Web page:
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trast between it and the massive pyramid in its vicinity, remind one of a delicate snowdrop, germing beneath a colossal oak. This monument, so applicable to the youth and beauty of her whose fate it commemorates, is the work of Mr. Richard Westmacott, to whose taste and skill it is highly creditable.

Sir William Gell and Count Paul Esterhazy came to see us depart; and never did the Palazza Negroni present such sad faces, as those assembled there when the heavily laden carriages drove round to the door. Poor Gell! I still seem to feel the pressure of his hand, and the tears that bedewed mine as he pressed it to his lips, and murmured his fears that we should meet no more.

“ You have been visiting our friend Drummond's grave to-day," said he, “and if you ever come to

” Italy again, you will find me in mine.”

I was tempted to be angry with our courier when I saw his smiling face, and heard the gay cracking of his whip, as we drove away. He, in the excitement of resuming his wonted occupation, after a winter's repose, had little sympathy with our regrets, and probably anticipated with pleasurable emotions the buona mano he may count on receiving at every inn where we stop, for many days to come.

We noticed the whiteness of the cows feeding along the banks of the ancient Clitumnus, a peculiarity ascribed to the effect of its waters. The animals looked very picturesque, and reminded one of those offered for sacrifice in days of yore.

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Saw the celebrated waterfall to-day. I have heard the majority of those who have spoken of it, declare that it disappointed them; but it has not had this effect on me, perhaps because I expected less. One of the advantages of time and travel, is to lower expectations within bounds more likely to be satisfied in reality. I thought of Byron as I gazed on this fine cataract, for he has painted it in never fading colours.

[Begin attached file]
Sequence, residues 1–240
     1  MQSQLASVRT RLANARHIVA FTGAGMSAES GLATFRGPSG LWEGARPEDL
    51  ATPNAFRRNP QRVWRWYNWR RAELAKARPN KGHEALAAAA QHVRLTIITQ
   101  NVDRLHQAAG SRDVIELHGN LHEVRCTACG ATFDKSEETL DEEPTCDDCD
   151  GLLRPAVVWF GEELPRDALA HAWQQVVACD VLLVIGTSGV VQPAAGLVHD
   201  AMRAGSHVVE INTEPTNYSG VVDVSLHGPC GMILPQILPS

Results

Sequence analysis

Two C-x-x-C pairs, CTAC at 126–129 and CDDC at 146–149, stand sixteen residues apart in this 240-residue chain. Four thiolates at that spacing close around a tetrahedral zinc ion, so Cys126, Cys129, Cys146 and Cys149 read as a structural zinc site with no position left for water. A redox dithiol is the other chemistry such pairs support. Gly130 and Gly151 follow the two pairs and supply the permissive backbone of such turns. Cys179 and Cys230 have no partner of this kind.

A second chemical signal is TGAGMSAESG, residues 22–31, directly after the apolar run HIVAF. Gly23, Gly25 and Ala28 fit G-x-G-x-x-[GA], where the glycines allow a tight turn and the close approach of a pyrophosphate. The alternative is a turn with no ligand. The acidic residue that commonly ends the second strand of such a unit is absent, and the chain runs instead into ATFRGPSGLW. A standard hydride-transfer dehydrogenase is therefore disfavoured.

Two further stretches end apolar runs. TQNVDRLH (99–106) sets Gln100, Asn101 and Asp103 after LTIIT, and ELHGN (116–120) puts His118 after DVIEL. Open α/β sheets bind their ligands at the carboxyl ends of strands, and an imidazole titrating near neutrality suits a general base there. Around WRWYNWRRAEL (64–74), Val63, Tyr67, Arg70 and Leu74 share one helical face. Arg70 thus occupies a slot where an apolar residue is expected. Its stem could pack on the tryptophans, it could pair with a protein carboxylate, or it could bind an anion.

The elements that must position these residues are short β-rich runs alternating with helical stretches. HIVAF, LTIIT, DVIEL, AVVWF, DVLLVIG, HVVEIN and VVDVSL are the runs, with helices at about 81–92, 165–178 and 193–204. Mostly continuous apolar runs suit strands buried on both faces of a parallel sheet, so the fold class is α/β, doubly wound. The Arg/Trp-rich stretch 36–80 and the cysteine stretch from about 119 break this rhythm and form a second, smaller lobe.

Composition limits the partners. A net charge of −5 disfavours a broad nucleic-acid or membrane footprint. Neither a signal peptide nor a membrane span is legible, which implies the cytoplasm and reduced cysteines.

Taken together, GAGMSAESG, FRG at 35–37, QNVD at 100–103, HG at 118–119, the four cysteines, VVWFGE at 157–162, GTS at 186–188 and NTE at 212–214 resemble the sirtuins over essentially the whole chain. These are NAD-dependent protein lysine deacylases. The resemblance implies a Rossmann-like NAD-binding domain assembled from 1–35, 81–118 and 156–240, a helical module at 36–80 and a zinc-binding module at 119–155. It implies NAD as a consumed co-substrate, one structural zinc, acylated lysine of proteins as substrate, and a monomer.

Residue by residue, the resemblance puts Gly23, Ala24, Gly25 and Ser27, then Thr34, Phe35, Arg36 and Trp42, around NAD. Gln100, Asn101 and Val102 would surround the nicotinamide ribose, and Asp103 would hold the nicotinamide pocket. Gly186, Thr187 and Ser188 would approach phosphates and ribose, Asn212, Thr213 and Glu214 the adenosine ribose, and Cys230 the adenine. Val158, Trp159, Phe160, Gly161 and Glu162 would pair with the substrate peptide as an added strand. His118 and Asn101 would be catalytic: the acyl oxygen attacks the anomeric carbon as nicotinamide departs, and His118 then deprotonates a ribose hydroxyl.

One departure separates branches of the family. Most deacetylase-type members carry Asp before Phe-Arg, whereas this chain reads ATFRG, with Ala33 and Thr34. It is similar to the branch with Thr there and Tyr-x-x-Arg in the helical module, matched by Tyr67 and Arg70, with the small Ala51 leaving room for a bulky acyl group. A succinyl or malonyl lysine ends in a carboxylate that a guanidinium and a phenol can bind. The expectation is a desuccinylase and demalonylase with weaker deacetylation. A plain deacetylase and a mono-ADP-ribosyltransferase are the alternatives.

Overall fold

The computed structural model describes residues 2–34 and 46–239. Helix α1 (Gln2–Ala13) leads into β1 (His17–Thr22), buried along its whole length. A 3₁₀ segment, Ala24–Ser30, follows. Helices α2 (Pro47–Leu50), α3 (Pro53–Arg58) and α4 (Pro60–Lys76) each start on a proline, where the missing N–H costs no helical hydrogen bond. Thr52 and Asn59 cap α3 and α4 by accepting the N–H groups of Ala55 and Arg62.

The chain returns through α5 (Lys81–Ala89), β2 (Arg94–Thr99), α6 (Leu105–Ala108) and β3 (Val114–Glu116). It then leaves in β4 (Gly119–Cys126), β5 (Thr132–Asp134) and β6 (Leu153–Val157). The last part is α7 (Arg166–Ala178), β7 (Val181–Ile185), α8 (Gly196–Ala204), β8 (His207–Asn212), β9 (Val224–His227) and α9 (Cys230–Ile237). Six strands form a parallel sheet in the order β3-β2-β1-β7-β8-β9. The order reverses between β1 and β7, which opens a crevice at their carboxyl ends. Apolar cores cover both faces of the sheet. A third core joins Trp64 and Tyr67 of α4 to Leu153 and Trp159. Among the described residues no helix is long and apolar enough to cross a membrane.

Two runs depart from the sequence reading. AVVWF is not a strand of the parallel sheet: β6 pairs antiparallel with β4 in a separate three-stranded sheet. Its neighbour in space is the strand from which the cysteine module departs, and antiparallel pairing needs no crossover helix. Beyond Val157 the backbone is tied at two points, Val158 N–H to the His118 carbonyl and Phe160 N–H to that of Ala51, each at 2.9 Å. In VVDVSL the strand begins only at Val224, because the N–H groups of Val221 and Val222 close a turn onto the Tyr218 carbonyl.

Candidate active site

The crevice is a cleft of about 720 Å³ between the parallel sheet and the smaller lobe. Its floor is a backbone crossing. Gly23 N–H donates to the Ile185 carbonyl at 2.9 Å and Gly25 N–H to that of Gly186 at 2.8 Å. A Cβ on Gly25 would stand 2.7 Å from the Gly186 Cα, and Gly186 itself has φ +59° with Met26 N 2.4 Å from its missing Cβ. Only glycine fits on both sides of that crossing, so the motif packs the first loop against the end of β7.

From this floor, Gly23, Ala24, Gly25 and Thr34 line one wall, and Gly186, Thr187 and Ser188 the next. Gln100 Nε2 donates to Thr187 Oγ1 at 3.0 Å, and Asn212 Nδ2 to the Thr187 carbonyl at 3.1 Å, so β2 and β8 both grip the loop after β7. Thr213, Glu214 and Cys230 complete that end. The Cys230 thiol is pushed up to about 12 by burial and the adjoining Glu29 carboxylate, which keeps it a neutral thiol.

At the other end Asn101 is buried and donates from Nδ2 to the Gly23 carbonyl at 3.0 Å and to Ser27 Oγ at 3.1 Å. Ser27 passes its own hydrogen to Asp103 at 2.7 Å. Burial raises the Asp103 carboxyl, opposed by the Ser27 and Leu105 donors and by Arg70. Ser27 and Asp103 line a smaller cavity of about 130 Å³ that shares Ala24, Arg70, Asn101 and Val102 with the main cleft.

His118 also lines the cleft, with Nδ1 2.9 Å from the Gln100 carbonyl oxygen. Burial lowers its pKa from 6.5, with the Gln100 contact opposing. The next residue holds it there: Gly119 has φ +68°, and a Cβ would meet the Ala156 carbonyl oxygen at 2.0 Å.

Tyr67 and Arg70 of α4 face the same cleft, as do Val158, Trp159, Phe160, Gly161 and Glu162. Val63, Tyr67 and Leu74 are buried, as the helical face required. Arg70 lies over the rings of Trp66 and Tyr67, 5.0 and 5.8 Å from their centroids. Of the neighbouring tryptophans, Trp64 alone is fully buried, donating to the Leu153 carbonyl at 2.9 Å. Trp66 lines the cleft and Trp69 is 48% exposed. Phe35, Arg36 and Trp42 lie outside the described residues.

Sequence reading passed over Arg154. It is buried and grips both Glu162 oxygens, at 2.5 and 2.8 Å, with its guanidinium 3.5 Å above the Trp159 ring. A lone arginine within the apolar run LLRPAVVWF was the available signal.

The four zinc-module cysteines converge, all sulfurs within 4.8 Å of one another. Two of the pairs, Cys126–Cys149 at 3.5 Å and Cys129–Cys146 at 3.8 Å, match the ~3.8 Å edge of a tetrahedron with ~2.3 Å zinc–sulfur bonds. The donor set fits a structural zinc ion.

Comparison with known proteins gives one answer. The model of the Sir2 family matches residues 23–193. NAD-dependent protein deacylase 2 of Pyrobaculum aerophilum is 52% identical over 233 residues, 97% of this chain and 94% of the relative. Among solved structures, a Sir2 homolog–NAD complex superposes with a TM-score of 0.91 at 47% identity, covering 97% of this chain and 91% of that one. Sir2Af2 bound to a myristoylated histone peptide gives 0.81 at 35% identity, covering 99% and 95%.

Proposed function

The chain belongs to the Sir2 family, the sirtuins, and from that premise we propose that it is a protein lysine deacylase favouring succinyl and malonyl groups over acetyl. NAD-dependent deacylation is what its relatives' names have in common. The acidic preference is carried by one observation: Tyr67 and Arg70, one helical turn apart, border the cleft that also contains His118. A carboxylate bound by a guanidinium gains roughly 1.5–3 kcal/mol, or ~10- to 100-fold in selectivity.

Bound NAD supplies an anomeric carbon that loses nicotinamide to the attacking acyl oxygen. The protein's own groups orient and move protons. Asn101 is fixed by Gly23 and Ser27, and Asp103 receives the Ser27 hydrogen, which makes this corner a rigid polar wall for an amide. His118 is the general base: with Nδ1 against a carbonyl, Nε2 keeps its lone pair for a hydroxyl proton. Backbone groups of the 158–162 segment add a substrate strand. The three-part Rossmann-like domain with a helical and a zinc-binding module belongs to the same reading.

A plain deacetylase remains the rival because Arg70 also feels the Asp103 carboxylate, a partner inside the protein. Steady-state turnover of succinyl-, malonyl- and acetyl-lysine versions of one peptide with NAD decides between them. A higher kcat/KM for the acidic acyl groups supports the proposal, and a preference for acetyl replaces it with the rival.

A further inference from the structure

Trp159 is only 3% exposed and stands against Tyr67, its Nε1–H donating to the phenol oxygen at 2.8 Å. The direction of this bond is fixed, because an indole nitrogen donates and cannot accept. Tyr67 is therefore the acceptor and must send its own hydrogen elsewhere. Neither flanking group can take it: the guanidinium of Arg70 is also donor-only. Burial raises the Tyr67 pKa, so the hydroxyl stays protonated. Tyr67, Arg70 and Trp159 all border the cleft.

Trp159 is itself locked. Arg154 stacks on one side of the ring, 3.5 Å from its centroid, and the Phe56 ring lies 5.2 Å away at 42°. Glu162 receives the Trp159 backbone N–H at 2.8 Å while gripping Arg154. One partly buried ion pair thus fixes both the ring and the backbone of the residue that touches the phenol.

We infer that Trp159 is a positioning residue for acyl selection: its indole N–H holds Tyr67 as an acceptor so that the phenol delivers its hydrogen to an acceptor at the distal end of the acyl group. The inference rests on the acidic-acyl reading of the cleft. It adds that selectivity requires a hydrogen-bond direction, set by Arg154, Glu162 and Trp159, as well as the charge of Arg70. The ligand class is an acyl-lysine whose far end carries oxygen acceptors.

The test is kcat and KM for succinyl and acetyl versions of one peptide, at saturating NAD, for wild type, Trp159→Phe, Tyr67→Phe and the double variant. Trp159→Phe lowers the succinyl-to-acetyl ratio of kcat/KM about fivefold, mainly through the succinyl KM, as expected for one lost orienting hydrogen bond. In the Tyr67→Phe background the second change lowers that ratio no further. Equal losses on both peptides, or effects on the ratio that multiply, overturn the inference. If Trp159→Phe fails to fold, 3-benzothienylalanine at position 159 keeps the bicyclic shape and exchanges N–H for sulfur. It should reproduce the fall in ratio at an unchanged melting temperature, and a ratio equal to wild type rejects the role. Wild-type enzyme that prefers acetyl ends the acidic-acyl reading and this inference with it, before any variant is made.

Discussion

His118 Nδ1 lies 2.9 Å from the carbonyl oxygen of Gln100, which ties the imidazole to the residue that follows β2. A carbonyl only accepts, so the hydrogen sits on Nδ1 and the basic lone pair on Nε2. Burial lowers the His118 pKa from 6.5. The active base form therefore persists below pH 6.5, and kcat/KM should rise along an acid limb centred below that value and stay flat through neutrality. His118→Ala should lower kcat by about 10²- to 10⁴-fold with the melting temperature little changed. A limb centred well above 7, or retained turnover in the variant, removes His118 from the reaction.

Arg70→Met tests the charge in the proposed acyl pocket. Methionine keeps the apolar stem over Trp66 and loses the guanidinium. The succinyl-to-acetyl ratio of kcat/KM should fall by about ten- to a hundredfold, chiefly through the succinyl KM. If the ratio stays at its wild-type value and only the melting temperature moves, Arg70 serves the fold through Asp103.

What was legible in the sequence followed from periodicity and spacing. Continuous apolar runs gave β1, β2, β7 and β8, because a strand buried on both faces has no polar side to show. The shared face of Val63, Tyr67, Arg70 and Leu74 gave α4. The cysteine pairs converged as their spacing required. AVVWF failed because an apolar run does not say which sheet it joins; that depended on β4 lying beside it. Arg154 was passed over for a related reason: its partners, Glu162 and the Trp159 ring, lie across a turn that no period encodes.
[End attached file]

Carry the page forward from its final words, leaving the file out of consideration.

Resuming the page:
The roar of waters !—from the headlong height
Velino cleaves the wave-worn precipice ;
The fall of waters ! rapid as the light
The flashing mass foams shaking the abyss ;
The hell of waters! where they howl and hiss,
And boil in endless torture ; while the sweat
Of their great agony, wrung out from this

Their Phlegethon, curls round the rocks of jet
That gird the gulf around, in pitiless horror set,

And mounts in spray the skies, and thence again
Returns in an unceasing shower, which round,
With its unemptied cloud of gentle rain,
Is an eternal April to the ground,
Making it all one emerald :-how profound
The gulf! and how the giant element
From rock to rock leaps with delirious bound,

Crushing the cliffs, which, downward worn and rent
With his fierce footsteps, yield in chasms a fearful vent.

To the broad column which rolls on, and shows
More like the fountain of an infant sea
Torn from the womb of mountains by the throes
Of a new world, than only thus to be
Parent of rivers, which flow gushingly,
With many windings, through the vale :--look back!
Lo! where it comes, like an eternity,

As if to sweep down all things in its track,
Charming the eye with dread,--a matchless cataract,


Horribly beautiful! but on the verge,
From side to side, beneath the glittering morn,
An Iris sits, amidst the infernal surge,
Like Hope upon a death-bed, and, unworn
Its steady dyes, while all around is torn
By the distracted waters, bears serene
Its brilliant hues with all their beams unshorn :

Resembling, 'mid the torture of the scene,
Love watching Madness with unaltered mien.

The verdure occasioned by the eternal showers of spray, which fall to a considerable distance around, I have nowhere seen equalled, except in Ireland. I noticed this aloud, and an Irish servant in our suite remarked, sotto voce, to one of his companions, _“Yes, our poor Ireland is as green as the wounds inflicted on it, and to which no healing balsam has yet been applied."